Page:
Oct 29, 2014 @ 13:37:55

    Loved your post, Stu! Enjoyed reading the comments too. I think all of Modiano’s books have been published in English translation by Verba Mundi. I think that the problem is that none of the big English / American publishers have published his work and his work is published only by small indie publishing houses and so it is not well known among English speaking / reading readers. I think this is the case with most European literature. I personally feel that British and American readers (and readers from the rest of the world) read all kinds of books and it is just the myopic vision of mainstream publishers which prevents them from publishing these great works. Readers read plot-based books and readers read books which are not based on plots. I don’t know why publishers are making assumptions regarding that, assuming that readers in English like only plot based books. I find that new translations of ‘The Three Musketeers’ and ‘Madame Bovary’ keep cropping up every other year but it is hard to find translations of contemporary French authors. I am trying to find Philippe Delerm’s ‘The Small Pleasures of Life’ and though it is a classic and easily available in French, the English translation is out of print and is hard to come by. One another French writer who is totally under-represented in English is Nicole Brossard. I discovered her last year and she is one of the great prose stylists of the modern era. Though most of her books are available in English translation, they are by indie publishing houses and so are hard to come by. Also the fact that she is Canadian and writes in French is a fact which is working against her – she is not eligible for the Booker prize (she writes in French) and she is not eligible for the Prix Goncourt (she is not a French citizen) and so her works seem to fall through the gap. The sad thing is that though she has been writing for more than 40 years and her prose is exquisite and the themes she addresses are contemporary and very relevant and in my opinion she deserves the Nobel prize, she is not well known among English-speaking/reading readers.

    Reply

    • Lisa Hill
      Oct 30, 2014 @ 07:48:06

      Hi Vishy:)
      I have to laugh: last year Emma from Book Around the Corner ‘gave’ me Philippe Delerm’s ‘The Small Pleasures of Life’ for my Christmas Humbook – and I had the opposite problem because she wanted me to try reading it in French. I had to do a special order through Fishpond in the end….

      Reply

  14. Vishy
    Nov 02, 2014 @ 08:15:38

    Hi Lisa🙂 I remember that Humbook time🙂 I love the fact that Emma is trying to make the rest of us read in French🙂 Hopefully one day we will all write a post in French in our blogs and comment on each others’ blogs in French. Hope you had fun / are having fun reading Delerm’s book. I am thinking that this year, if I don’t get a translated copy, I will get the French original and read it. That way my French will improve too. Happy reading🙂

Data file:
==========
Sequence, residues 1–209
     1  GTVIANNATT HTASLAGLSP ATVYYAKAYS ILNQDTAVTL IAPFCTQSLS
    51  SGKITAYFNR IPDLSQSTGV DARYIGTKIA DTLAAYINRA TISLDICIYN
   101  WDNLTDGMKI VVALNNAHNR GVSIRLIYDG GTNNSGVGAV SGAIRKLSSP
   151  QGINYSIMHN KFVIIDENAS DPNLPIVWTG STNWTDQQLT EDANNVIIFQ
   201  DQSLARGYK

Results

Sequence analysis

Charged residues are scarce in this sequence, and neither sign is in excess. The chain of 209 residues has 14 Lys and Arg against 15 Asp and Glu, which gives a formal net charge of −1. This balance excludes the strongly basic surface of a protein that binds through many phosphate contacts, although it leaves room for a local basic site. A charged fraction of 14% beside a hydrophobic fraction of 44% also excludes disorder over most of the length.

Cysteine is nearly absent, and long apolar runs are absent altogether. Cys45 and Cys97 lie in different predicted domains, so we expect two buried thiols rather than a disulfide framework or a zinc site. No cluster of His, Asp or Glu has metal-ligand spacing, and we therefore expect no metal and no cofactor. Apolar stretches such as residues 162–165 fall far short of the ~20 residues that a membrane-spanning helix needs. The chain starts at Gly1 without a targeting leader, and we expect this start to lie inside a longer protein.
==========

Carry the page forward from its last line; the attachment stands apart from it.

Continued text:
Reply

    • Lisa Hill
      Nov 02, 2014 @ 10:50:02

      Hi Vishy,
      Je l’aime Humbooks. La belle Emma, elle est bonne!
      Fortunately they are short vignettes, only a page or so which makes it easier for me. I must brush up my oral French too, we are going to spend a week in the Dordogne next year and my experience in the regions is that speaking French makes it much easier.

      Reply

  15. celindascott
    Dec 30, 2014 @ 17:37:10

    Having now read two of his books in our French “cercle de lecture,” _La Rue des Boutiques Obscurs_ at _L’Herbe des Nuits_, plus a detailed on-line biography,I think it might be-at least in part– because the issues of Resistance vs. Collaboration with Nazi Germany (the Vichy gov’t) and the Algerian desire for independence 20 years later are not clear cut at present. The French are sorting out what happened during these periods. Modiano’s own father, it appears, worked with the Black Market during WW II. Many Americans tend to not know anything at all about the Resistance–a surprise to me, because I was in college in the late 1950s when Camus won the Nobel Prize–but it’s left out of high school textbooks I’ve seen recently (“no room”). As Americans, we have our own sense of national guilt (slavery, the “Trail of Tears,” lack of civil rights for blacks until the late 1960s, CIA waterboarding disclosures recently, the invasion of Iraq (still being examined as to whether it was noble or ignominious), etc.–but on WW II, we are mostly proud of our record and I like to think that the French who fought in the Resistance can be justly proud. But there is ambiguity there that some French are dealing with–how easy it was to be taken in by the Vichy gov’t, how cruelly some “collabos” were treated after WW II, etc. My main point: in America we are uncomfortable with ambiguity about whether or not we are “heros.” In France, their own ambiguity seems to be on the conscience of many.

    Reply